Head injuries, perhaps more than any other type of injury, affect every aspect of a person’s life. One of the most common types of head injuries is a closed head injury, in which the head sustains impact that jostles the brain, but the skull is not fractured or penetrated. It might seem as though a closed head injury would not be as serious as an open one, but this is not always the case. Traumatic closed head injuries can change a person’s life forever.
About 75 percent of all brain injuries that occur in the United States are closed head injuries. It’s the leading cause of death for children and adults under the age of 45, and approximately 15 percent of closed injuries in any given year are fatal. It’s also quite common for closed head injuries to cause permanent damage and affect a person’s physical and cognitive functioning.
The majority of closed head injuries are caused by traffic accidents, but a number of cases are related to sports injuries.
Side Effects of Traumatic Closed Head Injuries
The effects of traumatic closed head injuries depend on the severity of the event that caused it. Even a mild impact to the head can cause serious, long-term damage. The location of the injury is also an important factor, as different parts of the brain are responsible for controlling different functions. Brain injuries can result in a combination of physical, cognitive, and emotional issues.
Physical impairments can pass with time. The first and most noticeable physical impairment associated with a head injury is unconsciousness. A person with a head injury might also experience dizziness, nausea and vomiting, loss of balance, weakness, and seizures. It’s important to speak to a doctor about your symptoms following a head injury, no matter how mild they might seem.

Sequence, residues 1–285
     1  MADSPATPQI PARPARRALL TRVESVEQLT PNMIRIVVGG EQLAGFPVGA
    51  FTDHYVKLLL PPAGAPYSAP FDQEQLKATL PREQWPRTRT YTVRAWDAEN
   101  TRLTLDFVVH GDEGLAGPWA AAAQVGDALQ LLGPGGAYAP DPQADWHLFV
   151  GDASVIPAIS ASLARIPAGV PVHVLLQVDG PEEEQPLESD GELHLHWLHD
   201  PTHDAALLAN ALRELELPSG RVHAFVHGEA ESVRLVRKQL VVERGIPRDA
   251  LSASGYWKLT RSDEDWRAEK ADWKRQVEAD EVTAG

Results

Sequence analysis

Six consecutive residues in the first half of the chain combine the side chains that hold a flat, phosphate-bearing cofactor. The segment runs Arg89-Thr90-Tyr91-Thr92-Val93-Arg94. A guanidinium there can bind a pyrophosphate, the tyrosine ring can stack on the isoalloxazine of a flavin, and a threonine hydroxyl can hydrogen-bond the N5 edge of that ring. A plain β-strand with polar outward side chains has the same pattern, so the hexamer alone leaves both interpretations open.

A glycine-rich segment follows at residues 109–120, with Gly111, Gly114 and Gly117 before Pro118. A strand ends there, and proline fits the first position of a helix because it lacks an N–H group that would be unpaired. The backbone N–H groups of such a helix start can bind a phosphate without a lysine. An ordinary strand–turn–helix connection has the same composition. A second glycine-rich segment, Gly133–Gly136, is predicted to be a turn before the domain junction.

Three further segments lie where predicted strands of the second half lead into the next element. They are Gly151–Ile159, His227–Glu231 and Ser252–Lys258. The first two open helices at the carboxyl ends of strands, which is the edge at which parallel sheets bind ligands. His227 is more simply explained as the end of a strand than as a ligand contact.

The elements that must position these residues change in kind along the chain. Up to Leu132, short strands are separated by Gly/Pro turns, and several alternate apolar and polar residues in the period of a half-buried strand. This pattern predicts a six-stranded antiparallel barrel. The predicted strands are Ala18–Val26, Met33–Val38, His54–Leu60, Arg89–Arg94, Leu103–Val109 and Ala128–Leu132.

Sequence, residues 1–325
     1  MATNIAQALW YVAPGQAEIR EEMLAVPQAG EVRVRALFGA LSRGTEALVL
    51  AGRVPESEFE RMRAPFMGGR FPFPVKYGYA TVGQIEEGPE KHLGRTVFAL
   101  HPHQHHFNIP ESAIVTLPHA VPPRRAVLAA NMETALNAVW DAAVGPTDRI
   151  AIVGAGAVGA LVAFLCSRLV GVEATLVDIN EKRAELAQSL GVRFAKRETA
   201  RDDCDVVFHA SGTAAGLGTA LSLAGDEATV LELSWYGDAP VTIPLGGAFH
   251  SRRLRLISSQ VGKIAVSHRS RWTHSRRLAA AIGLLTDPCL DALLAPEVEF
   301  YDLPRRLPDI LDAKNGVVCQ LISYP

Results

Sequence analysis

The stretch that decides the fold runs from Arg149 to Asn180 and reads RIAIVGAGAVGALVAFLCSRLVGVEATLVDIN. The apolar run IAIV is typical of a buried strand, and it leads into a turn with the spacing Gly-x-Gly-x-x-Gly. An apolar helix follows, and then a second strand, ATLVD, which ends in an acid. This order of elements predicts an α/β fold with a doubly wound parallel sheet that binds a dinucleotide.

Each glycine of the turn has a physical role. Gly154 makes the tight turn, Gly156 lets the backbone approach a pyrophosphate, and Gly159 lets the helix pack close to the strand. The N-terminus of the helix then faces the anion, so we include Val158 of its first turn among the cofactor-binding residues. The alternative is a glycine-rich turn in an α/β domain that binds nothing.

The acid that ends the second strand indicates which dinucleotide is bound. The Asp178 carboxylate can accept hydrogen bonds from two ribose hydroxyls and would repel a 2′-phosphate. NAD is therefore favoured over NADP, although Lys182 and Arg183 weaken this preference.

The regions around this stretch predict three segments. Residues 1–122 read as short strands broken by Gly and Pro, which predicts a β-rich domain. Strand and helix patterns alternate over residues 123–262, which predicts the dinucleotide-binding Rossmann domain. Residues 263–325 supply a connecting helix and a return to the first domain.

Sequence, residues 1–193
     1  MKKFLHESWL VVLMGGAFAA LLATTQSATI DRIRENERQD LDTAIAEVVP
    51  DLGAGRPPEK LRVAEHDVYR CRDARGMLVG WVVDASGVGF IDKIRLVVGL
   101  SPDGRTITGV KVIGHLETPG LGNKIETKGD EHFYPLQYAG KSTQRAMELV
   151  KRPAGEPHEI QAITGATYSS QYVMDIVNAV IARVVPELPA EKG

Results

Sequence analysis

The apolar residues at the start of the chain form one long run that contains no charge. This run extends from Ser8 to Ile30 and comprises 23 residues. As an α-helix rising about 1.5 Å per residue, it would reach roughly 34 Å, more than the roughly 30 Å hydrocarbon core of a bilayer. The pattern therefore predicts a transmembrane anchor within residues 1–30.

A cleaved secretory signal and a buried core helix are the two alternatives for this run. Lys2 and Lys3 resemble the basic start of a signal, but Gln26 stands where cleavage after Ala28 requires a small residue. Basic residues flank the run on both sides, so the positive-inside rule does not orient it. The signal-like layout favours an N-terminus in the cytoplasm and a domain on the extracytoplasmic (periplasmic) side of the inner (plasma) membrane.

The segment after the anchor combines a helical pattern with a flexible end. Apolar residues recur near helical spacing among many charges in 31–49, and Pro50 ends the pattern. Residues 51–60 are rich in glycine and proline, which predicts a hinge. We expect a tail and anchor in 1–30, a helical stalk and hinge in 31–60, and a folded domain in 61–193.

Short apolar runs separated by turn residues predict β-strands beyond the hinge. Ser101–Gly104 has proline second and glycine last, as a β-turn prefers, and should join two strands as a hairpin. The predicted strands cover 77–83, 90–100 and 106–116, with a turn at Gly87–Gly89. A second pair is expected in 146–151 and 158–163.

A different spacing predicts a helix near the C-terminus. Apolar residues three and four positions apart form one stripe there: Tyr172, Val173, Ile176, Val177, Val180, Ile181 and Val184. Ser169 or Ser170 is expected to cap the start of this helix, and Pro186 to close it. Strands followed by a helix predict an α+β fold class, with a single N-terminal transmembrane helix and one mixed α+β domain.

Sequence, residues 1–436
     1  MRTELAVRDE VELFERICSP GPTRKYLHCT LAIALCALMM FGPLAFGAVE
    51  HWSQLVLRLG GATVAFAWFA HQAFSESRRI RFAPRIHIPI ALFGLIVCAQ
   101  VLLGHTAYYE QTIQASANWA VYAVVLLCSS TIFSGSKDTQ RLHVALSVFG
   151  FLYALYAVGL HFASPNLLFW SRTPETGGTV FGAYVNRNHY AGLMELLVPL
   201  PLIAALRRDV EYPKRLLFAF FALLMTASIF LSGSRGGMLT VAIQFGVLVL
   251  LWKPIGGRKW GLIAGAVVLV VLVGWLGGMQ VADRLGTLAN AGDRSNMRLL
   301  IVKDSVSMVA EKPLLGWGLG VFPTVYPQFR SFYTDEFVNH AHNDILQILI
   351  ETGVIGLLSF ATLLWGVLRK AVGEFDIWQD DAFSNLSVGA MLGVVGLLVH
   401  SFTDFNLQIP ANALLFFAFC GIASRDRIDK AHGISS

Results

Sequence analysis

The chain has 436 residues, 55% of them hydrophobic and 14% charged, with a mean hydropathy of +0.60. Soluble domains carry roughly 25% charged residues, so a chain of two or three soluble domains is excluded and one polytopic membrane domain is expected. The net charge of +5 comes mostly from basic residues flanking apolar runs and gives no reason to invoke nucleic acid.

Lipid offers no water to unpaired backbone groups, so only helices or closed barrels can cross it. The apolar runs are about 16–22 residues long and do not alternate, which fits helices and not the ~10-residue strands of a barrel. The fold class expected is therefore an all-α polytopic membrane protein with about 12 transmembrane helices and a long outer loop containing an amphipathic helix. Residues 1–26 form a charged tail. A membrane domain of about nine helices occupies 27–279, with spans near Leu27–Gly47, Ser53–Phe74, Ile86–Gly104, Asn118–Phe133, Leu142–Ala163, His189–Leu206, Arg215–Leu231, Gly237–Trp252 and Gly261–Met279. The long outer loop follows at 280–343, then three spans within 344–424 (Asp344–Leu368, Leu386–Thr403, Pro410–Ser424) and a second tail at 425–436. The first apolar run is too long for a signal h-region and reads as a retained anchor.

Cognitive impairments tend to be a sign of a more serious head injury. They can last for a short period of time, such as loss of memory immediately following a head injury, or they can be long-term or permanent. Cognitive impairments affect a person’s ability to reason, learn new things, pay attention, relate to one’s surroundings, and communicate effectively. It might be necessary for someone who has experienced a head injury to participate in therapy to relearn cognitive skills that were present prior to the injury.
Emotional and behavioral changes following a head injury are common, especially after a severe event. Emotional challenges can be a direct result of the injury, or they can be secondary and arise because a person is frustrated or angry over cognitive or physical changes caused by the injury. Depending on the part of the brain that was injured, things like impulse control, mood, and relational abilities can be altered.
Treating Traumatic Closed Head Injuries
Treatment for closed head injuries is both immediate and long-term. A professional medical evaluation is always recommended following a head injury, even if symptoms do not seem severe. In some cases, the effects of a head injury are not noticed or do not arise for some time, so it’s important for a doctor to assess the injury and begin a “paper trail” associated with the injury.
When an injury is serious, immediate medical attention is critical. Doctors must stabilize pressure and control swelling in the brain in order to prevent further injury. In most cases, multiple doctors will assess a patient with a head injury, and together determine the appropriate course of treatment.
Recovery from a closed head injury is possible, but it can take time and require a great deal of effort on the part of the injured individual. Therapy is an important part of the recovery plan and certain types of therapy might be needed on a daily basis. The goal of all treatment for closed head injuries is to regain as many life skills as possible and hopefully, be capable of living independently.
Depending on the extent of injuries, therapy will be a combination of helping a person with a head injury relearn skills previously known, or find ways to compensate for skills that are no longer possible. Long-term treatment is common for people with injuries, and might include a combination of physical, cognitive, and behavioral therapy, as well as emotional support to help a person adjust to his or her new life.
If you or a loved one suffered a traumatic closed head injury as the result of someone else’s negligence or violent act, you could be entitled to compensation.